Boys in boaters 1960

To the Sesquicentenary and beyond

In the 1970s and 1980s, academic and sporting achievements were joined by a growing emphasis on cultural activities, particularly in the performing arts and on service activities leading to the rich variety of experience that characterises school life today. At the same time the cultural background of the student body changed as a reflection of Australia’s increasingly multicultural society.

In 1998 the Wyvern House Preparatory School moved to a purpose-build campus in nearby Cambridge Street, Stanmore. Newington achieved accreditation to offer the International Baccalaureate Diploma Programme in 2007, with the first cohort gaining their IB Diploma in 2009.

Newington celebrated its 150th birthday—or ‘Sesquicentenary’—in 2013, with a packed program of assemblies, services, concerts, sports matches and other events, including the opening of the AJ Rae and the LRD Pyke Centres by Her Excellency, Professor Marie Bashir AC CVO, Governor of NSW. Three years later, Newington joined with its brother school in Tonga, Tupou College, to celebrate its own Sesquicentenary. Two more excellent facilities, the Tupou College Centre for Year 7 and the Drama Centre, were opened by His Majesty King Tupou Vi of Tonga in July 2016.

A Sesquicentenary History

This history of Newington College, commissioned for the 150th anniversary in 2013, stands upon the shoulders of Newington’s past historians. And yet it is a new history, and takes a somewhat different tack from previous histories. The book was authored by Sydney based public historian Dr Stephen Gapps. The book is filled will rare photos, intriguing documents and fascinating stories that chronicle the full 150 years of Newington College.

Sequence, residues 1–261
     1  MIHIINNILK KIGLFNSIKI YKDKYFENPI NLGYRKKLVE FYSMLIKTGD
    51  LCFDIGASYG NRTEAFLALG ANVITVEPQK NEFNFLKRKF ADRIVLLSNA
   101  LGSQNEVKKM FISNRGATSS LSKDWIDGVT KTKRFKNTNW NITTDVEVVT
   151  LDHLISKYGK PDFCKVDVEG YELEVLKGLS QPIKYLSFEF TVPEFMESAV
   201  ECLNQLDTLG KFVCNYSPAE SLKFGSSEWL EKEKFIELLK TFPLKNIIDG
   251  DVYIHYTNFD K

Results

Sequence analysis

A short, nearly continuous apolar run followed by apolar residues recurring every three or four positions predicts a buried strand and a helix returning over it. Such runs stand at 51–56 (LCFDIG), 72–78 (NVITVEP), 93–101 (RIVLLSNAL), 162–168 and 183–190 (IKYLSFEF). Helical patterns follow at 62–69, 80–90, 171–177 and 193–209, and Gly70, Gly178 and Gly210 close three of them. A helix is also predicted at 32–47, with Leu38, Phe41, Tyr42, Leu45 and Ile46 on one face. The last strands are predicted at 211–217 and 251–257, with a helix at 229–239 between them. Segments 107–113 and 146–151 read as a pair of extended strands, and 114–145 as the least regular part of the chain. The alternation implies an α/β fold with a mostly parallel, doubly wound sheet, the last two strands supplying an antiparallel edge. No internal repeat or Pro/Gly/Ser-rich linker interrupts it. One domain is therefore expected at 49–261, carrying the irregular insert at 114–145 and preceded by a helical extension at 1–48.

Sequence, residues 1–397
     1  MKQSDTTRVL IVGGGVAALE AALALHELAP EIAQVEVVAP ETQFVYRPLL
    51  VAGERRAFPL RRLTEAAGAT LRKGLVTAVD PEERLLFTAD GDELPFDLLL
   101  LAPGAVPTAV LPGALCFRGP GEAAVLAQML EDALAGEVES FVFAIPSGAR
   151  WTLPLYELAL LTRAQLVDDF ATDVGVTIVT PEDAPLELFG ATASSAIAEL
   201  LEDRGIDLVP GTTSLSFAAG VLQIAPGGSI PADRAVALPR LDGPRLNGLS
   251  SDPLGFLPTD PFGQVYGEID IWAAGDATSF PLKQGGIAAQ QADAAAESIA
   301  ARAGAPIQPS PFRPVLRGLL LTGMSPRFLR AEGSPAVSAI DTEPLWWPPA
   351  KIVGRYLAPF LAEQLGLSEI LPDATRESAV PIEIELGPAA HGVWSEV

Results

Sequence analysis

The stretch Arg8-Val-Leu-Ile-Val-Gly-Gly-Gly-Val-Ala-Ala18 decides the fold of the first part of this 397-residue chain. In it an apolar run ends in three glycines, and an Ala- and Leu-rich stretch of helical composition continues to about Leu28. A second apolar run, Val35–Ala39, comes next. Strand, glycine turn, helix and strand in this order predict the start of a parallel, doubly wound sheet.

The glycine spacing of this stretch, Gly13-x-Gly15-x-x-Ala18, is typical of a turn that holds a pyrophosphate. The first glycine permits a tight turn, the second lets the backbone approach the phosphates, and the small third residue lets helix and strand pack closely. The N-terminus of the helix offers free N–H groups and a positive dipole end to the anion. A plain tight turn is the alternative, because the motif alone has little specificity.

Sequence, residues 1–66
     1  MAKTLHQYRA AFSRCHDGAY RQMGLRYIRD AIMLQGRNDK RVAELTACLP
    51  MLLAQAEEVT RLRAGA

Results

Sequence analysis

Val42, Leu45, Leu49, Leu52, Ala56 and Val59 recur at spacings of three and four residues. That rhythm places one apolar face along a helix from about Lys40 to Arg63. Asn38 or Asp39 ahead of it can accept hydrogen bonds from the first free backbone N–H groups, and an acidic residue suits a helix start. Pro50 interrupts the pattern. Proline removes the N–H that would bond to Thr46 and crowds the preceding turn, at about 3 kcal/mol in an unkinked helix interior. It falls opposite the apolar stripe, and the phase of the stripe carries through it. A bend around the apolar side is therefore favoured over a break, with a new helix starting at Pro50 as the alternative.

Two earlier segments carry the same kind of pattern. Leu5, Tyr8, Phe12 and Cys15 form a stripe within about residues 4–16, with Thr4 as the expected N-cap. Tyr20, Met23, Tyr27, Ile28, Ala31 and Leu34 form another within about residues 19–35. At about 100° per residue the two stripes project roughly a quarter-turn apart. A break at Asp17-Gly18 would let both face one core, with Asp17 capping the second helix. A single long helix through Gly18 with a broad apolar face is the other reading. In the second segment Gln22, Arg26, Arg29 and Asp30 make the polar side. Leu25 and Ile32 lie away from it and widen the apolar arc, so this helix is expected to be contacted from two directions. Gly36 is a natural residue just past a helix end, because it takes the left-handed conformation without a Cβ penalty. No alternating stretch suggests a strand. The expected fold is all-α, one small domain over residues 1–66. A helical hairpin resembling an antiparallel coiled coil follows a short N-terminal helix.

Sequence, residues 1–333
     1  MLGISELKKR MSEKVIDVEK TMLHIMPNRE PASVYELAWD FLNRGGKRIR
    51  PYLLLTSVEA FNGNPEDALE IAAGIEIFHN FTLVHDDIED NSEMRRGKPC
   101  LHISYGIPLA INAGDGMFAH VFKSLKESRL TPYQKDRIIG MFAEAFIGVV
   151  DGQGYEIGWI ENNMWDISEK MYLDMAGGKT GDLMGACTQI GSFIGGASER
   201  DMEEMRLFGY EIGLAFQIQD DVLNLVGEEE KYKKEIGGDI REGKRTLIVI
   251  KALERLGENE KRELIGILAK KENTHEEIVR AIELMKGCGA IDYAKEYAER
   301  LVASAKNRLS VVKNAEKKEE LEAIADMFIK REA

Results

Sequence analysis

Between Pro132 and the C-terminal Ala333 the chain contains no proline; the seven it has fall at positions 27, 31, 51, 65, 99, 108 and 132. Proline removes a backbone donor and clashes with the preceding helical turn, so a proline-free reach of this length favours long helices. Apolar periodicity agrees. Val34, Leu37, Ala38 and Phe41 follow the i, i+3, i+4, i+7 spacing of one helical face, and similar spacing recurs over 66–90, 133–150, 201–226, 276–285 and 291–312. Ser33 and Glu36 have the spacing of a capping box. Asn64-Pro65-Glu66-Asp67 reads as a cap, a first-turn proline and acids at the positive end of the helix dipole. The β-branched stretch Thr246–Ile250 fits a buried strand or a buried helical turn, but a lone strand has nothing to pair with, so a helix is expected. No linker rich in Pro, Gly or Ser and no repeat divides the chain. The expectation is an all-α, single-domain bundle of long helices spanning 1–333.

Newington College: A Sesquicentenary History 1863 - 2013 by Dr Stephen Gapps

About the Author

Dr Stephen Gapps is a Sydney based public historian and museum curator. He has worked extensively as a professional historian on a variety of oral and written history projects ranging from histories of pastoral sheep and cattle stations, to Sydney pubs and deserted gold mining towns and now to the Newington College Sesquicentenary publication. Dr Gapps was the Winner of the NSW Premier’s History Awards 2011 – Community or Regional History, for his book Cabrogal to Fairfield: A history of Fairfield City. Other publications include Front pages that shaped Australia: 100 of the nation’s most influential cover stories and newspaper headlines.

To order a copy, please email alumni@newington.nsw.edu.au


100 Years of Anzac

The Centenary of the Gallipoli Campaign and the sacrifices of some 650 Newingtonians who served — and 111 who fell — in the First World War

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Living Links to Newington's Fallen Soldiers

A highlight of the College’s Centenary of Anzac Day commemoration on 29 April 2015 was a moving ceremony in which relatives of our Fallen soldiers placed poppies on the College's Great War Honour Roll.

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The College Archives

Newington’s archives are our corporate memory, forming the bridge between our past, present and future. The archives are authentic documentary evidence of the work and life of our College and community over more than 150 years.

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Two of a Kind

David Roberts is the College’s inaugural professional Archivist. Dr Roger Davidson (ON 1940) is the Archives’ ‘foreman’.

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The Newingtonian Digitised

The Newingtonian has been chronicling the lives and achievements of boys and staff since 1884. A project to digitise The Newingtonian, nearing completion, will make this wonderful resource available online.

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College Crest and Song

Newington’s school song, ‘Dear Newingtonia’, was first sung at Speech Day on 13 December 1895.